Bluegrass documentary series started at Radford, went worldwide
Bud Bennett has been collecting the music of the mountains in a quiet corner on the fifth floor of McConnell Library.
The Radford University Archives Supervisor is an avowed lover of the bluegrass tradition that got its start in the local region. Since 2010, Bennett, a banjo player himself, has curated Appalachian Music and Culture, a blog that catalogs the history of that music, some of which is contained in the RU collection.
"One of the things I do is give live performances to Appalachian studies classes on campus," Bennett said. "I found if I tell stories about the music, it seemed like people paid more attention. That's how the blog started."
The blog reached new heights recently when Bennett released a 5-part video series, titled "Butch Robins Presents - Blue Grass Music, its Origin and Development as a Unique and Creative Art Form."
The video series has amassed tremendous popularity in the bluegrass world. It has been featured in regional news and has been seen around the world.
Butch Robins has played bluegrass for more than 50 years. As a youngster, the banjo player was present near the beginning of the bluegrass movement when he played with its creator Bill Monroe.
"[Butch] had a personal relationship with most of the first generation of bluegrass players. He could call them all by name. He sat in the bus with them," Bennett said.
In the video series, Robins narrates the story of bluegrass, from its inception to modern times, adding personal touches along the way, including the story of how his father used to take him to any banjo player they could find to teach him the instrument. From there it was a journey through a constantly changing, but always lively bluegrass scene.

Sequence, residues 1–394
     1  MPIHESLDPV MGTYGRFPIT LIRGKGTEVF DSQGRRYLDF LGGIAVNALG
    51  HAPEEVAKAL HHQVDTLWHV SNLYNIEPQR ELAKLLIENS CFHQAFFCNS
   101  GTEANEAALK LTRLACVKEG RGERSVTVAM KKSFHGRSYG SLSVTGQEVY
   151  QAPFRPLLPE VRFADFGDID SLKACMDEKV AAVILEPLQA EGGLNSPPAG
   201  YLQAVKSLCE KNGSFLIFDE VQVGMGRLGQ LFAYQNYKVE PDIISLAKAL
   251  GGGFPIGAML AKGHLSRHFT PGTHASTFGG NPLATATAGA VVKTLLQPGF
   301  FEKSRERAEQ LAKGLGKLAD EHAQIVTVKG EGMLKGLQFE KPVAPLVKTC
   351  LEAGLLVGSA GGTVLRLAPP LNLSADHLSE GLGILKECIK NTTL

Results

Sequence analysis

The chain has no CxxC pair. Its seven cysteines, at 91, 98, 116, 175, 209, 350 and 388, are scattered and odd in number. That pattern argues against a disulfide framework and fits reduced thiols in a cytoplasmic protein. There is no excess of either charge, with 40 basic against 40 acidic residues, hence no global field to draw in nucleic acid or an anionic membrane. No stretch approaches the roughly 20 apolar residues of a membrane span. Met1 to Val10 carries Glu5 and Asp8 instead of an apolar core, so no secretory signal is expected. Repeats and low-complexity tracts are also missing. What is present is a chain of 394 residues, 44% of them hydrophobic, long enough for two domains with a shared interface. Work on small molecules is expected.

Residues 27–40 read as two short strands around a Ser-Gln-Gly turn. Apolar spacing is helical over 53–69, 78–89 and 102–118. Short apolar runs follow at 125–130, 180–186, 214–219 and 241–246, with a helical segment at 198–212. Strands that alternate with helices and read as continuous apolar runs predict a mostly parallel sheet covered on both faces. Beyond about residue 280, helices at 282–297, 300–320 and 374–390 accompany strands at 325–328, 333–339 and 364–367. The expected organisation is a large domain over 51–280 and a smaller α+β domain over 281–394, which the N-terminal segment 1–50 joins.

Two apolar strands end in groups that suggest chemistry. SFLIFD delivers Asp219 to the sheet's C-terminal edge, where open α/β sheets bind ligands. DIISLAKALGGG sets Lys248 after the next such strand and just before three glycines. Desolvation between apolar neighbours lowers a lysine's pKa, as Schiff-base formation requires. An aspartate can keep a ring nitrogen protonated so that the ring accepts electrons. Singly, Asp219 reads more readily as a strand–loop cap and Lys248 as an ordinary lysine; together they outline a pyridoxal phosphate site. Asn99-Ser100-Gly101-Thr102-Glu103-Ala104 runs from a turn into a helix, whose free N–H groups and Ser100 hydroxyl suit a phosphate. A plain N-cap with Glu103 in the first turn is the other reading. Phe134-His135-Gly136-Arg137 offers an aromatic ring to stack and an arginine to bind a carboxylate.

"It's interesting times we'll be talking about," Robins says at the top of the series, "…and each new generation rewrites history."
In the videos, Robins, a natural storyteller, offers a wealth of memories and insights into the development of this unique American genre. Bennett, who knew Robins lived locally, saw the opportunity to preserve Robins' knowledge for the future.
Bluegrass has become closely tied to Appalachian culture. It has found a home in Radford University Archives and Special Collections, which maintains a special focus on that culture.
"If you draw a two hour circle around Radford there is an amazing amount of music history," Bennett said. "The number of people who live here and have lived here who are giants in the music is staggering. Everybody was riding up this road. The music gives you a real connection to the landscape and the environment. This was the land it was written in and about. You listen to those songs and look out the window and that's what you see."